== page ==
Learning how to observe takes time, patience, and practice. Also, it takes silence...which can be tough to generate in a middle school classroom. Some adolescents almost tremble with energy. Teaching adolescents how to observe is certainly a challenge in larger groups...but...I may just take another whack at it this year.
In 2012, I studied deer paths for myself. Mostly, I sketched them. Researching deer paths proved challenging as most of the texts I found about deer were about how to control the population. For example, when I referenced gardening texts (about the types of plants deer preferred to eat or bed down in) I encountered words such as pest and nuisance. Yet, to my surprise, I found the best information--full of subtly and nuance--from texts written by hunters.
For a year, the research supported a picture book I imagined and sketched. In the end, it did not go anywhere as a story; nevertheless, I grew as a writer. I honed my sketching ability (a.k.a. my thinking). By focusing on what was there, I became a better observer. I learned to detail with imagery which led to detailing with words and color.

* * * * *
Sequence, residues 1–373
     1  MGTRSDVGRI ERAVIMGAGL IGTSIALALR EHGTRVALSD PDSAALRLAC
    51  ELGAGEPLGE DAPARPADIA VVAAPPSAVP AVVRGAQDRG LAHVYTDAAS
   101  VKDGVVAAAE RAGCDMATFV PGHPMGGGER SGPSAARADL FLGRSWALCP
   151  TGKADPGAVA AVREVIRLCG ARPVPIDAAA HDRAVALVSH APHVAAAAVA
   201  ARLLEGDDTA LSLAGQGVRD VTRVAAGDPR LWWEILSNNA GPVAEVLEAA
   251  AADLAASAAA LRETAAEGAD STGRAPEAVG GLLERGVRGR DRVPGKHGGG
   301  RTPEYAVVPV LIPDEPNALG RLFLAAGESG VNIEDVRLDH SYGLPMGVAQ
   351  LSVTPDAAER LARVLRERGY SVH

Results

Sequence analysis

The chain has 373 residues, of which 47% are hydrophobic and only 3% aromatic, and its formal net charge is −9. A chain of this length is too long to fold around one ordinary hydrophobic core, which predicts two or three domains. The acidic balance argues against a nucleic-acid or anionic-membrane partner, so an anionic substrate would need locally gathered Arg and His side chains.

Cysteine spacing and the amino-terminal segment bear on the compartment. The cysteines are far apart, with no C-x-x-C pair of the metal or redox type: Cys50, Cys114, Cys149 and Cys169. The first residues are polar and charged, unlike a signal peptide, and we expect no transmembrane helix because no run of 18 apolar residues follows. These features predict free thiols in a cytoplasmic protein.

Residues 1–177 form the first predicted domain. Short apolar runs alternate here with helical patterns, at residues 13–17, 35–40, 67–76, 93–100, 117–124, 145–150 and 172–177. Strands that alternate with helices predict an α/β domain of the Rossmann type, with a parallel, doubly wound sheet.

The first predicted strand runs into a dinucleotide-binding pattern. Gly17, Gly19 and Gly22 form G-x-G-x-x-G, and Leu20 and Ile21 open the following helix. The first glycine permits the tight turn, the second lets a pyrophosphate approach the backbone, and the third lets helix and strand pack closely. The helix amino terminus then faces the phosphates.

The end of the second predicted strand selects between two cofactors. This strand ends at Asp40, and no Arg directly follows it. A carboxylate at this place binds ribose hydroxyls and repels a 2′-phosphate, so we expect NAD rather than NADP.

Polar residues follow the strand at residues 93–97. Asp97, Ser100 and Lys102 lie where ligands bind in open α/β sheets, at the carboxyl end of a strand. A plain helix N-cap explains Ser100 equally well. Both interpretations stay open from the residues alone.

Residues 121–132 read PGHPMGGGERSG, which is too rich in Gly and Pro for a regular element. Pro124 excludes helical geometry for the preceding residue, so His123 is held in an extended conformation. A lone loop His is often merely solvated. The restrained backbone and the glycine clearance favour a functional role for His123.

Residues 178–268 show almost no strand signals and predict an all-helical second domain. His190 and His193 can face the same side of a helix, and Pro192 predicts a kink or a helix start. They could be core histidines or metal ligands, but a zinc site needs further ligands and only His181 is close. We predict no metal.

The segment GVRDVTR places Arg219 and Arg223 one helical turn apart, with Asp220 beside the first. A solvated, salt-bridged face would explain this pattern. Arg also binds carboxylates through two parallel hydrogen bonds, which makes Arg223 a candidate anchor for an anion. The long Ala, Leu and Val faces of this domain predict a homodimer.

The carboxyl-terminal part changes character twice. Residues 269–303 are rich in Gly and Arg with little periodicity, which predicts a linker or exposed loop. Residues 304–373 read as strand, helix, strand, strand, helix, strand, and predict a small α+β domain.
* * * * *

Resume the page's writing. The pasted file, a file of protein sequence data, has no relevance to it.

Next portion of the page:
I worked on this sketch for several days. Sometimes, I took my classes outside to also practice observation. At worst (best?), if they were stuck and did not know how to begin sketching or writing (there is nothing to write about!) they saw and heard me practice the act of observation. I shared my thinking. I shared how my thinking was flowing better if I could make myself relax (sort of like when ideas flow late at night, just before falling asleep).
I always wanted to return to this type of activity with students for an extended period of time. Our principal is encouraging us to brainstorm ways to upend the apple cart for the month of May. He wants to call it Mayhem...we teach, students learn, but take a deeper risk with something which we believe we never have the time to do.